• Miranova/Minisiston (ethinyl estradiol and levonorgestrel)
  • Yasmin/Petibelle (ethinyl estradiol and drospirenone)
  • Maxim/Valette (ethinyl estradiol and dienogest)
  • Marvelon (ethinyl estradiol and desogestrel)
  • Belara/Bellissima (ethinyl estradiol and chlormadionacetate)
  • Minulet/Femovan (ethinyl estradiol and gestodene)
  • Diane (ethinyl estradiol and cyproterone acetate)

– Ciclosporin Taking garlic together with ciclosporin may reduce the effectiveness of ciclosporin.

– Inhibitors of cytochrome P450
Taking garlic together with some drugs that are metabolized by the liver can increase the side effects of the drugs.
Pharmaceutical products of this type include paracetamol, ethanol, theophylline and drugs used for anesthesia during surgery, lovastatin, ketoconazole (Nizoral), itraconazole (Sporanox), fexofenadine, triazolam (Halcion) and many others.

– Anticoagulants
Taking garlic together with anticoagulant drugs can increase the possibility of bruising and bleeding. Medications that slow blood clotting include aspirin, clopidogrel (Plavix), diclofenac (Voltaren), ibuprofen (Dolormin), naproxen (Proxen and others), dalteparin (Fragmin), enoxaparin, heparin, warfarin (Coumadin), and others.
The dose of warfarin (Coumadin) may need to be changed when garlic is ingested.

Other uses

Garlic to prevent weight gain
Allicin is the strongest substance found in garlic. Scientific studies show that it keeps blood pressure, insulin and triglycerides low in laboratory animals on a high-sugar diet, but it can also be effective in preventing weight gain.

Garlic: home remedies

Due to its expectorant effect, garlic is an indispensable remedy for asthma, hoarseness, coughing, breathing difficulties and most other lung diseases.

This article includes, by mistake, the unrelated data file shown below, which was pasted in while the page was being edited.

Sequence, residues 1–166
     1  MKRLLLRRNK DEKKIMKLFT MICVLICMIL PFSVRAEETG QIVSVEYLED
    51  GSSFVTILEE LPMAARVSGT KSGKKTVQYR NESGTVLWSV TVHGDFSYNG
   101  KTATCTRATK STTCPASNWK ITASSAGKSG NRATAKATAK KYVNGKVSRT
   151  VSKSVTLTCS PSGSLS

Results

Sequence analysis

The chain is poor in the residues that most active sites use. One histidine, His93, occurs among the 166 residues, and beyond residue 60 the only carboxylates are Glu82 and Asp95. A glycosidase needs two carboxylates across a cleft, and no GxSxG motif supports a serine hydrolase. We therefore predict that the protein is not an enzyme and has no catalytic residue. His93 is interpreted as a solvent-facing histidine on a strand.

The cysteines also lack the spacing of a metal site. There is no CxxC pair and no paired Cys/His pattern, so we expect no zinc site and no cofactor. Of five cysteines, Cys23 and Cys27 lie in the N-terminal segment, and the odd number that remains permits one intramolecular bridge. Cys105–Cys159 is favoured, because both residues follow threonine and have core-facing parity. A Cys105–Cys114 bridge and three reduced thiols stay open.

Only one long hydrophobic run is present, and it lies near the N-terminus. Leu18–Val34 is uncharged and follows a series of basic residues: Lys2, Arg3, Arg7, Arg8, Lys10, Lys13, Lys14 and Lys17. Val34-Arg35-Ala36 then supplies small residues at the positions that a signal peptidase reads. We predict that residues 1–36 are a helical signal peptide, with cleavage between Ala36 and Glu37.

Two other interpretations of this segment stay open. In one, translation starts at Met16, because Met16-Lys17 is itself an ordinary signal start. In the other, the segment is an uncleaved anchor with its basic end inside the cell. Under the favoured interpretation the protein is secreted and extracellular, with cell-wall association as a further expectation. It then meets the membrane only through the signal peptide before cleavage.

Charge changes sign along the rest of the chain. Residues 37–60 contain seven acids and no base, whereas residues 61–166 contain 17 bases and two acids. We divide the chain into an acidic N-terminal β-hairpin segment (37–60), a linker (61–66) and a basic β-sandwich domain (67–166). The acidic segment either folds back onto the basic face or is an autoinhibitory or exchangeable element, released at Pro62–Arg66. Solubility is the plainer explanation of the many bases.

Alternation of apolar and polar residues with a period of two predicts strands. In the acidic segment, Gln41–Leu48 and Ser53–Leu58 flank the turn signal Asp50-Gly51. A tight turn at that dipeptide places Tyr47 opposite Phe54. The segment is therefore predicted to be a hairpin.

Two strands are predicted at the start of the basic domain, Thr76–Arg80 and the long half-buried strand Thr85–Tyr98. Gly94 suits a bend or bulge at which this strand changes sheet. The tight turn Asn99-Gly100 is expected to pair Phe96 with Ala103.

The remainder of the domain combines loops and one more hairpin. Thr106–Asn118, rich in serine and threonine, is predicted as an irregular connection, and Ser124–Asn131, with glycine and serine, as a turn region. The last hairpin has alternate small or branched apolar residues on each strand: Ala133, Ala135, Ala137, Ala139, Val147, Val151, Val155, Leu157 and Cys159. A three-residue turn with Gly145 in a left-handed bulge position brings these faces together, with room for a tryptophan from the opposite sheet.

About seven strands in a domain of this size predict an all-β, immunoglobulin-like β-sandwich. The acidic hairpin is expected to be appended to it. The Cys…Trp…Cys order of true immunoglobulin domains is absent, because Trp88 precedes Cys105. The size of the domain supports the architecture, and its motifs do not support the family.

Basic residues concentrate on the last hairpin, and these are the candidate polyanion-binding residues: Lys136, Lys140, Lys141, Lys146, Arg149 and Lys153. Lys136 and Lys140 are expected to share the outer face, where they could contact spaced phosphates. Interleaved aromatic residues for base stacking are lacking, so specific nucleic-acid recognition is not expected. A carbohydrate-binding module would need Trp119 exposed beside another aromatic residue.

An old and formerly very popular asthma remedy is garlic syrup. To do this, garlic bulbs were soft-boiled and then an equal amount of vinegar was added to the water in which they were cooked. This solution was then sweetened and boiled down to syrup. The syrup was then poured over the boiled garlic bulbs, which were then dried and stored in a jar. Every morning you took one or two pieces with a tablespoon of syrup.

For ear infections, you can wrap a small piece of garlic in a cloth, then put it in the ear and let it work overnight.
In this way, the pain passes almost immediately and the infection usually improves overnight.

For a sore throat, you should put a small slice of garlic in your mouth and suck for 10-15 minutes. The resulting juice slides down the throat and relieves the pain.

Garlic can cure pain caused by stings/bites from insects such as scorpions or centipedes.

The juice of fresh garlic mixed with salt can be placed on sprains and bruises.

To relieve toothache, you can cut raw garlic and rub it over the teeth and gums twice a day.

For warts, you should crush a fresh clove of garlic and apply it to the skin.

With herpes, you can cut a clove of garlic in half, eat half of it and spread the rest on the affected area.

The juice of raw garlic helps with rashes and insect bites, as it immediately blocks the itching.

8-10 drops of garlic juice with 2 tablespoons of honey four times a day works well against persistent cough.

10 drops of garlic juice with 2 teaspoons of honey seem to help well with asthma.

Garlic in the kitchen
Garlic can be recognized by its taste and characteristic smell when it is cooked and used in various dishes.
Garlic has a long history as a spice. Its Latin name is derived from “allium” (leek) and “sativum” (cultivated).
The most widely used part is the tuber, which is used in the kitchen as a spice.

Cultivation of garlic

Garlic is planted in autumn and eaten fresh or dried in spring. It needs loose and very fertile soil.

The freshly harvested tubers must rest at a low temperature until they can form roots and germinate.
They must be planted about 5 cm deep in the soil with the tip facing upwards. The tubers must be planted at a distance of about 15 cm, between the rows should be 45 cm apart.
If garlic is grown in a large field, it must rain enough to ensure irrigation.